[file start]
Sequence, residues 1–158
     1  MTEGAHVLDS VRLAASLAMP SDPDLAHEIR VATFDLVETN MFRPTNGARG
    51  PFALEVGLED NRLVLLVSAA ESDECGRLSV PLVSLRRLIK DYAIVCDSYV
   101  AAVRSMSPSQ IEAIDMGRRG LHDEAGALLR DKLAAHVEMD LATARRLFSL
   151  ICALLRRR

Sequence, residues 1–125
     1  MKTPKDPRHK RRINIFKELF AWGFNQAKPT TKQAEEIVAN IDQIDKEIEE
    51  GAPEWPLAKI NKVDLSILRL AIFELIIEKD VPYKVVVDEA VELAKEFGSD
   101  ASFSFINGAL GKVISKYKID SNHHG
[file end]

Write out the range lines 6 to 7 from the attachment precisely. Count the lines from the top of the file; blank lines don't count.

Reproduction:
Sequence, residues 1–125
     1  MKTPKDPRHK RRINIFKELF AWGFNQAKPT TKQAEEIVAN IDQIDKEIEE